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  • This Week In Tech Policy

    Action Taken on Legislation in the 2019 Legislative Session

    • Since last week, the Colorado General Assembly has taken action on previously introduced tech-related legislation listed below. Throughout the legislative session you can see what bills CTA is monitoring through our CTA Legislative Tracker in the Member Only Content area accessed through your member portal.

    • Recent Action
    • HB 1008: Include Career and Technical Education in Building Excellent Schools Today Program
      Passed out of the Senate Education Committee on 2/13
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    • SB 6: Electronic Sales and Use Tax Simplification System
      Passed out of the House Finance Committee on2/11
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    • SB 23: Cryptocurrency Exemption Colorado Digital Token Act
      Passed out of the House Business and Labor Committee on 2/13
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    • SB 78: Open Internet Customer Protections In Colorado
      Testimony heard in the Senate State Affairs Committee on 2/11 – laid over for amendments
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    • SB 90: Peer-to-peer Motor Vehicle Sharing Program
      Waiting to be heard on Second Reading on the Senate Floor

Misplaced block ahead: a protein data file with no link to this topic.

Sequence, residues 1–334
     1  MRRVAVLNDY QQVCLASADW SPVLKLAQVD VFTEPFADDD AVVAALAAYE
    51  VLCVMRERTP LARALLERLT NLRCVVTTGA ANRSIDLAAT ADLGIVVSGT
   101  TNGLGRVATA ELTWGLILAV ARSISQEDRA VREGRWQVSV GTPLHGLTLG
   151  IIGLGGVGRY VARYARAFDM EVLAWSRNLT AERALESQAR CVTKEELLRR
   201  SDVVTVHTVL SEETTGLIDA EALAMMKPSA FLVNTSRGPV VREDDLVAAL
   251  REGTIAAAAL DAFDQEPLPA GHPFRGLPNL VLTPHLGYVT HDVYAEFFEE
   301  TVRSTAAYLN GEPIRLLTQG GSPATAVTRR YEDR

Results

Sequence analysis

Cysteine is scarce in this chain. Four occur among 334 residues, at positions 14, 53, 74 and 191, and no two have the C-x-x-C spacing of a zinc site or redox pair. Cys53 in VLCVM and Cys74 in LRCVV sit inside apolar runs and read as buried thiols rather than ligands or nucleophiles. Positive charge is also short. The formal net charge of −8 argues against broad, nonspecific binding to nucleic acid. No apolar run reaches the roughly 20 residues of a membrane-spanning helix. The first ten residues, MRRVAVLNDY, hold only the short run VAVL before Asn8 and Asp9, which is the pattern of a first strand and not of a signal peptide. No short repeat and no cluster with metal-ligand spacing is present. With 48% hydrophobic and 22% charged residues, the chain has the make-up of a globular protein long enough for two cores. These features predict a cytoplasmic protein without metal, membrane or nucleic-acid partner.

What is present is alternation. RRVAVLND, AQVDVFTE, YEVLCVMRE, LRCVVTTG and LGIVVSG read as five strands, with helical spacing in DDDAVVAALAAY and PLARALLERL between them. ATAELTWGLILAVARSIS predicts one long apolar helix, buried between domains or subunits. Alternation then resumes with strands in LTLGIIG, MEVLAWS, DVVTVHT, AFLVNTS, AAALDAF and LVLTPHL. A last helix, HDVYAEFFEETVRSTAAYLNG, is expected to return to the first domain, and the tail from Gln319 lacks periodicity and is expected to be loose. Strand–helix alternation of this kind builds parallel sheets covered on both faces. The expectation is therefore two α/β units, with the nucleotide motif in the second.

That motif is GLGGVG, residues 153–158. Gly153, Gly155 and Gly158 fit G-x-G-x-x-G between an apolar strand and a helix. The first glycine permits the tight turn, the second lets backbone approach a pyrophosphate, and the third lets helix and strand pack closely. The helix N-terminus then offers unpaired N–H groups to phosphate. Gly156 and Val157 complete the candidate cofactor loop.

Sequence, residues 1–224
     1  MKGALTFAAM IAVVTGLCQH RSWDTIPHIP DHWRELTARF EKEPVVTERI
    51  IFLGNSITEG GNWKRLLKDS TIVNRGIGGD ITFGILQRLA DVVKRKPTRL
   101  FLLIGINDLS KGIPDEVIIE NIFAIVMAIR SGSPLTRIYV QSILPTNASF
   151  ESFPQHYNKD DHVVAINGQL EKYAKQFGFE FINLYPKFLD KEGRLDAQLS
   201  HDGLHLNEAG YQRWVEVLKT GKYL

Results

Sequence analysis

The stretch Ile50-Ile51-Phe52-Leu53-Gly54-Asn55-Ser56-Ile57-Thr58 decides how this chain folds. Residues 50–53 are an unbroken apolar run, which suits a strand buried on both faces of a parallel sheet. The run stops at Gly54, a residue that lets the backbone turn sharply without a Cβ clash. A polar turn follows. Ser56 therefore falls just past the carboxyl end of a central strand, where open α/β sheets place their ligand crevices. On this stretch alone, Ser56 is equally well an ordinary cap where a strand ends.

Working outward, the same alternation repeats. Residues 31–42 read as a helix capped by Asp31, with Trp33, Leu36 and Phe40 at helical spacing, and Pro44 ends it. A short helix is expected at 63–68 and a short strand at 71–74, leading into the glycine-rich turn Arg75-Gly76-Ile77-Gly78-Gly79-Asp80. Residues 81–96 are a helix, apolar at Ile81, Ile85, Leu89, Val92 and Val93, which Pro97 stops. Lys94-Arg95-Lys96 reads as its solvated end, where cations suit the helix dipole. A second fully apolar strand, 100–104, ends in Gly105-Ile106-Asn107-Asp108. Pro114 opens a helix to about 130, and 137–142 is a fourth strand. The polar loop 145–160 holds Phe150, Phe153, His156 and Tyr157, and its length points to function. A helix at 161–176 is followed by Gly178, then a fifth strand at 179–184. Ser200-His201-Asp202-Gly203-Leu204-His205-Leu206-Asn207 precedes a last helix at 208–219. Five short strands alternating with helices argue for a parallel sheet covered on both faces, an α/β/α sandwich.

• President Trump Signs Executive Order on AI
    • President Trump Monday signed an executive order that calls on federal agencies to support the development of artificial intelligence, amid fears the U.S. could be falling behind China in the race to build the technology. The White House will draft a memo within the next six months providing high-level guidance to agencies about regulating the development and use of AI across a broad swath of industries.
    • READ MORE 
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    • Senator Cory Gardner Working to Reintroduce AIRWAVES ACT
      Sen. Cory Gardner is working to reintroduce his AIRWAVES Act, a bill previously filed as S. 1682. The original legislation would have identified spectrum bands for unlicensed use, freed up mid-band airwaves and set aside funds from spectrum auctions for expanding rural broadband. Gardner is working with Sen. Maggie Hassan (D-N.H.) on a new version, he told reporters Monday night. Some of the initial elements of the bill have been "picked up by the FCC" while other issues like satellite "have been brought to our attention," Gardner said, adding that he wants lawmakers to get the legislation "right and to make sure this is something that can pass."